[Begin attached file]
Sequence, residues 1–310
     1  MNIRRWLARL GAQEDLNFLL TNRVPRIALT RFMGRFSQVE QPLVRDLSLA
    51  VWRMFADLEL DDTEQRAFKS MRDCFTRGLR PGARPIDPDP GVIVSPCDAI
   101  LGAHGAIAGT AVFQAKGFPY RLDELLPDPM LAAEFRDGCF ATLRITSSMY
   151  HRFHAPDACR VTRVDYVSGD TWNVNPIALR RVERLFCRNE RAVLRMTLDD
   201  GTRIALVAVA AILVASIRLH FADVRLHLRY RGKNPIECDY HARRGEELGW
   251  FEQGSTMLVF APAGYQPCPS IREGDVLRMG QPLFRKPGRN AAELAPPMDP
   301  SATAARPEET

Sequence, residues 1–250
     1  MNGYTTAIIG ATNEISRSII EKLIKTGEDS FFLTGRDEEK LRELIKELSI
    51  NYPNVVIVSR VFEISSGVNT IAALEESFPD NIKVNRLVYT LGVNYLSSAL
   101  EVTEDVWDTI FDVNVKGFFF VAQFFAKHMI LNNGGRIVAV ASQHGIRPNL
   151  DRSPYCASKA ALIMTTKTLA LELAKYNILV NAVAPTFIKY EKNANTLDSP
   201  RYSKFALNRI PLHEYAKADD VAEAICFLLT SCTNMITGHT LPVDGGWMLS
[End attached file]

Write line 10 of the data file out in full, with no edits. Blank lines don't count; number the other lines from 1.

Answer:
     1  MNGYTTAIIG ATNEISRSII EKLIKTGEDS FFLTGRDEEK LRELIKELSI